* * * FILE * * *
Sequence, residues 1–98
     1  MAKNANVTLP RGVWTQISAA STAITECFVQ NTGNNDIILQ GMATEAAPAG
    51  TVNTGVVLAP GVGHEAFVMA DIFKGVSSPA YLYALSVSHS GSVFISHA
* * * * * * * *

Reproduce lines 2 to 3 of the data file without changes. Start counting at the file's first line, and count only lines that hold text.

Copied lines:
     1  MAKNANVTLP RGVWTQISAA STAITECFVQ NTGNNDIILQ GMATEAAPAG
    51  TVNTGVVLAP GVGHEAFVMA DIFKGVSSPA YLYALSVSHS GSVFISHA